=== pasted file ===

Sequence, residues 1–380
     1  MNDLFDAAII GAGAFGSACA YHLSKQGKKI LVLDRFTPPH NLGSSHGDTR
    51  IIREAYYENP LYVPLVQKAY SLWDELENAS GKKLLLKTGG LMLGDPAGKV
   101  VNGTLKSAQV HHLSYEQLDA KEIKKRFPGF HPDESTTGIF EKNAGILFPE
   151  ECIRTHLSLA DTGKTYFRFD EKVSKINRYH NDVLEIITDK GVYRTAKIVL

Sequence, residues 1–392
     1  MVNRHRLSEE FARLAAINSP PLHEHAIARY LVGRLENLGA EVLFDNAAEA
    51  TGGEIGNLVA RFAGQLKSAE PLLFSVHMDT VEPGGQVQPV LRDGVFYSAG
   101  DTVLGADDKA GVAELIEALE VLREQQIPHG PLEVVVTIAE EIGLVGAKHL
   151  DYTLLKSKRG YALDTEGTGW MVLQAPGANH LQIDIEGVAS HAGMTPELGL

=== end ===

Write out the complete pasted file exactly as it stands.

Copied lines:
Sequence, residues 1–380
     1  MNDLFDAAII GAGAFGSACA YHLSKQGKKI LVLDRFTPPH NLGSSHGDTR
    51  IIREAYYENP LYVPLVQKAY SLWDELENAS GKKLLLKTGG LMLGDPAGKV
   101  VNGTLKSAQV HHLSYEQLDA KEIKKRFPGF HPDESTTGIF EKNAGILFPE
   151  ECIRTHLSLA DTGKTYFRFD EKVSKINRYH NDVLEIITDK GVYRTAKIVL

Sequence, residues 1–392
     1  MVNRHRLSEE FARLAAINSP PLHEHAIARY LVGRLENLGA EVLFDNAAEA
    51  TGGEIGNLVA RFAGQLKSAE PLLFSVHMDT VEPGGQVQPV LRDGVFYSAG
   101  DTVLGADDKA GVAELIEALE VLREQQIPHG PLEVVVTIAE EIGLVGAKHL
   151  DYTLLKSKRG YALDTEGTGW MVLQAPGANH LQIDIEGVAS HAGMTPELGL